News item | 5/30/2023 | 3:45 pm
The cabinet is giving provinces a tool for how they can take the future into account when building new buildings. Where is it better not to build anymore? And what risks should you take into account in the places where you will be building? Consider, for example, sufficient drinking water, the risk of soil subsidence and the risk of flooding.
Today, Minister Mark Harbers (Infrastructure and Water Management), also on behalf of Minister Hugo de Jonge (Public Housing and Spatial Planning), sent a draft of the ‘spatial assessment framework for climate-adaptive built environment’ to the provinces and the House of Representatives. This contains a decision tree that provinces can use to determine where to build and how to do so.
Minister Harbers: “We have seen what extreme weather can cause in the Netherlands. Not only in case of prolonged drought, but also during extreme showers, such as in Limburg. I think the Netherlands should prepare for this. That is why the central government is helping provinces to determine where they can and cannot build, and what risks they must take into account if they do build.”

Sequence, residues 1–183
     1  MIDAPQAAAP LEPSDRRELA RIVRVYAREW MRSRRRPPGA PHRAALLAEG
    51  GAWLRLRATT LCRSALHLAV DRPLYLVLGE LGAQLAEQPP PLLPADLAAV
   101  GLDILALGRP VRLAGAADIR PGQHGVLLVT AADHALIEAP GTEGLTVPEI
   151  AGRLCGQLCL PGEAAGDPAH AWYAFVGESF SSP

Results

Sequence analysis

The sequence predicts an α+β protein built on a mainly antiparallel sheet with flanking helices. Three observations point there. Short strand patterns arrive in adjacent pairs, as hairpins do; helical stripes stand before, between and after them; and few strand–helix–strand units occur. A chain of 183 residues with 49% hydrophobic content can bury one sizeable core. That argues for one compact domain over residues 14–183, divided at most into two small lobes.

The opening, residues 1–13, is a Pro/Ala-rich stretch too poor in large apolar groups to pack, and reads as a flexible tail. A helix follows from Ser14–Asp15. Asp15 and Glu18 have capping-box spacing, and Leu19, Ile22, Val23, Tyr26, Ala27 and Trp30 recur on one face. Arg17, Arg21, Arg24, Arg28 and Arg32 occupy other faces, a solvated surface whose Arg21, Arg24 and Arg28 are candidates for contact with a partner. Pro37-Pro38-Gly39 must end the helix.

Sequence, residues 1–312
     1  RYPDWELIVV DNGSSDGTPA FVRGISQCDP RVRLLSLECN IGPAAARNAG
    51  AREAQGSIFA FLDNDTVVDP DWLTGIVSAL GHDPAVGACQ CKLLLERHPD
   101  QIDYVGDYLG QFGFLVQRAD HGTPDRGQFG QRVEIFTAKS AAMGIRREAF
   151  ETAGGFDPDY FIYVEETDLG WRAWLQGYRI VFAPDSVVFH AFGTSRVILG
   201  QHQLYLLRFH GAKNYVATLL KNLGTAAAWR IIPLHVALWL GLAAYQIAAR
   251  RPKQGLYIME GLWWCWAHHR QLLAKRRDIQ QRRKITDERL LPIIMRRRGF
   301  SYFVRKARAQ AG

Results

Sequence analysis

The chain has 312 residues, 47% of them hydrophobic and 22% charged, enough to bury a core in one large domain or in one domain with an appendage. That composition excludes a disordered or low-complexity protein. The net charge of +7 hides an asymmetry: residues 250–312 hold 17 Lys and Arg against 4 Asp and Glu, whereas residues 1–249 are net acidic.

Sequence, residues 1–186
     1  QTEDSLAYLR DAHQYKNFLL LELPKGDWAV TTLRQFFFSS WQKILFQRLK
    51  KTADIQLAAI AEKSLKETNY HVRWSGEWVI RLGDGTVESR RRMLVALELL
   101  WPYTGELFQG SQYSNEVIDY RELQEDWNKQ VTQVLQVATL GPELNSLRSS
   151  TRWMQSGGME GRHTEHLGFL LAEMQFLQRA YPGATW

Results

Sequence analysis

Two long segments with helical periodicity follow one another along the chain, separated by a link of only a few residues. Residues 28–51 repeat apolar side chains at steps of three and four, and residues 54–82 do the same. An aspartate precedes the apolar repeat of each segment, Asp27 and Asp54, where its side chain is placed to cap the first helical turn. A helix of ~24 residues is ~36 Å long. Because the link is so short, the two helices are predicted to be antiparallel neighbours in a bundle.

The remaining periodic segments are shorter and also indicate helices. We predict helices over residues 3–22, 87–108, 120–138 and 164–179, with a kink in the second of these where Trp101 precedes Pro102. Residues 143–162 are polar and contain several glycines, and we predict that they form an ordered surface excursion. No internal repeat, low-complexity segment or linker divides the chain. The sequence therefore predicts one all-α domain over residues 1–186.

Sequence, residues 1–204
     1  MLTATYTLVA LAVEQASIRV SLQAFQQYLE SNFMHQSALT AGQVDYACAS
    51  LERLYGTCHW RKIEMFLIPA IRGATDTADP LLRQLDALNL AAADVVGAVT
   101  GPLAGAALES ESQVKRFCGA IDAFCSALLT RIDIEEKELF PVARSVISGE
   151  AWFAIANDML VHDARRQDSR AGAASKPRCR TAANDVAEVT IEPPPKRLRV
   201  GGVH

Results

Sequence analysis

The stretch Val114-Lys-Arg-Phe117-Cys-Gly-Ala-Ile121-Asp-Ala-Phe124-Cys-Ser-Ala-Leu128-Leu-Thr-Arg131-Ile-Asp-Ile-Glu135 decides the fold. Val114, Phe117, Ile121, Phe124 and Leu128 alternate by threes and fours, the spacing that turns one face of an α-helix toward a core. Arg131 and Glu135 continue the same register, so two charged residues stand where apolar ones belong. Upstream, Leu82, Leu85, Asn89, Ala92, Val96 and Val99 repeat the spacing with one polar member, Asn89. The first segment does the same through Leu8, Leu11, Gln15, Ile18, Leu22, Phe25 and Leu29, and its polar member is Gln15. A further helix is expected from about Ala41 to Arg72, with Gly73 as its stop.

Minister De Jonge: “It is one thing that is certain that more will have to be built. But I think it’s important that those houses can be there for a longer period of time, and not that we will run into limits again in twenty years’ time. So we have to make sure that enough drinking water is available for the new houses in the future, for example, and that they are resistant to subsidence.”
The assessment framework is currently a draft. In the coming months, the provinces will examine whether they find this concept helpful and where it can be improved. The intention is to have a final framework in the autumn of 2023.
In November 2022, the government indicated that in the design of our country, there should be a greater role for what our water and our soil can handle. This means, for example, that it is not smart to build right next to a dike, because we need that space in the future to widen that dike.
The framework will in any case be applied to projects for which no zoning plan has yet been adopted on 1 January 2025. For the other projects, the framework will be applied as much as possible. The government has decided this in order to avoid disproportionate delays, given the number of homes that are needed.